http://t.harborfreight.com/pack-of-10-medium-grade-aluminum-oxide-sanding-sponges-46752.html
Posted By: MNSmith Re: Harbor Freight........What worked?.... What didnt? - Wed Mar 11 2015 01:18 PM
Originally Posted by DADS50

not really a tool but help if you have heel problems like I do


That is definitely a tool!
Mats look great for tool box or floor, but I really don't want my tools or shop to smell like the inside of their store big_eek
Posted By: 52Carl Re: Harbor Freight........What worked?.... What didnt? - Thu Mar 12 2015 01:29 AM
Does the store in your area smell of Chinese food too?
Carl
Posted By: Super55 Re: Harbor Freight........What worked?.... What didnt? - Thu Mar 12 2015 01:39 AM
I don't know what restaurant you've been going to, but I think it smells like rubber. grin
WTF does Chinese food have to do with it. Smart **** all the time. Grow up.
Posted By: MNSmith Re: Harbor Freight........What worked?.... What didnt? - Thu Mar 12 2015 02:04 PM
Back on topic, fellas.
Posted By: 52Carl Re: Harbor Freight........What worked?.... What didnt? - Fri Mar 13 2015 02:15 AM
Originally Posted by don stocker
WTF does Chinese food have to do with it. Smart **** all the time. Grow up.

The "Chinese" reference was aimed at the country of origin of nearly all of the tools sold at HF (some good, some bad).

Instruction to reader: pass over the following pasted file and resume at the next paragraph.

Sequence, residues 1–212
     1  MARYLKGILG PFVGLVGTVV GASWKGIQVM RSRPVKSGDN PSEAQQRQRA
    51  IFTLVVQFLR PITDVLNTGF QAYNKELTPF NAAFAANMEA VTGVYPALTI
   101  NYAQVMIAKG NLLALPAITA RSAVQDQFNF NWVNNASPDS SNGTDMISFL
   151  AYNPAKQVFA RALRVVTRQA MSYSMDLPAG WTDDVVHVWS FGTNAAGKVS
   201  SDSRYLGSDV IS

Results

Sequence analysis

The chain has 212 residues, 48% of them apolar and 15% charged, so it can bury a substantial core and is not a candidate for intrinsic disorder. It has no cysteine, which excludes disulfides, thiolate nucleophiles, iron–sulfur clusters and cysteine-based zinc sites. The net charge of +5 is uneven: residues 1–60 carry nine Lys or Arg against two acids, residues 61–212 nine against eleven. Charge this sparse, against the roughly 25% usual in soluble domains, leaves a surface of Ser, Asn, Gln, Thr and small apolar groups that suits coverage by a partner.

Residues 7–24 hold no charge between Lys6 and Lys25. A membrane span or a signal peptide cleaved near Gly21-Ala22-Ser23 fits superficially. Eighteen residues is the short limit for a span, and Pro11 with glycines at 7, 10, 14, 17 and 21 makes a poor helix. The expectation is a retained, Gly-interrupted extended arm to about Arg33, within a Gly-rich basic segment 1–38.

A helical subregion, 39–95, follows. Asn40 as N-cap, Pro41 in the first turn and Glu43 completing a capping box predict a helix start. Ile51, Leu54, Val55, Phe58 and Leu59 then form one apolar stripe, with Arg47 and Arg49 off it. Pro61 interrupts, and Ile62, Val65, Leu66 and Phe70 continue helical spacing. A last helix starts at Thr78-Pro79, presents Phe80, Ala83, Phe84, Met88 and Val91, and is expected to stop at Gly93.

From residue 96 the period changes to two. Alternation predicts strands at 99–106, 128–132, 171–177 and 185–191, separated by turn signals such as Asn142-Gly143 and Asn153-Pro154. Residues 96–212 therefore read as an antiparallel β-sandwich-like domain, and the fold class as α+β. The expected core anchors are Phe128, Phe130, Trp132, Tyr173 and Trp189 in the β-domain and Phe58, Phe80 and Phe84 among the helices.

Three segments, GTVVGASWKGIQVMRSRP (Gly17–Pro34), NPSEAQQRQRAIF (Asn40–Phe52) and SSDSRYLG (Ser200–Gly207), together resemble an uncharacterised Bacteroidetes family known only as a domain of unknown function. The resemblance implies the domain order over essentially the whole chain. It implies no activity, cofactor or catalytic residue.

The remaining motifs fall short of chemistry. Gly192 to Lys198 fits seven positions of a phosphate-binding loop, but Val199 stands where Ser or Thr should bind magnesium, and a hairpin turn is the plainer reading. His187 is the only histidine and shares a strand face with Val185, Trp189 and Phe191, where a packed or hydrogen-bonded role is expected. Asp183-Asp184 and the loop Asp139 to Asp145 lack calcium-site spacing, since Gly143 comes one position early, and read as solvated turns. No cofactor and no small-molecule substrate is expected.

On topic in my humble opinion.
Carl
Ok, white flags are flyin.

The country of origin does seem to be a problem for Harbor Freight. The sad side of it is that they keep getting people to spend hard earned pennies on it so they bring more to sell.
I would like to think all of us here could walk into the Snap On truck and buy stuff but the economics of it just don't make it a reality.
On the flip side, I do buy the throw away gloves and the on sale grinder discs and other supplies and for what I pay am satisfied with what I am getting.
Posted By: 52Carl Re: Harbor Freight........What worked?.... What didnt? - Fri Mar 13 2015 04:08 AM
Apology accepted.
I picked up a 36" brake with stand from Princess Auto that is identical to the HF unit. Tried to buy a decent finger brake locally here second hand but they are like hen's teeth.

After lots of fiddling and adjusting - meh. Works ok on 22 but struggles with 12" wide 20. Bends are not well defined. Can't image it on any metal under 20 except for very narrow pieces.

I will probably take it back.
Snap ring pliers ($3.99) are "Jay-you-in-Kay".... JUNK.

Brad
Posted By: Deve Re: Harbor Freight........What worked?.... What didnt? - Sun Sep 27 2015 09:11 PM
Another item in What Not to Buy category is their Pin Punch set. They are made of mild steel and fold in half the minute you hit them. Never seen anything like it. Not good when you are out in the salvage yard on a 100 degree day trying to get the door hinges off a 1930's vehicle that has been sitting there for 70 years. You look down at your punch, from the brand new set, get the next size, and before you know it, ALL of them are toast and you walk away with a trashed pin punch set and no hinges!
I recently had very good luck with a tubing roller. Took it out of the box,clamped it to the table and rolled four circles out of 1" tubing for my bar area out back. I plan on making a stand for it and beefing it up just the same.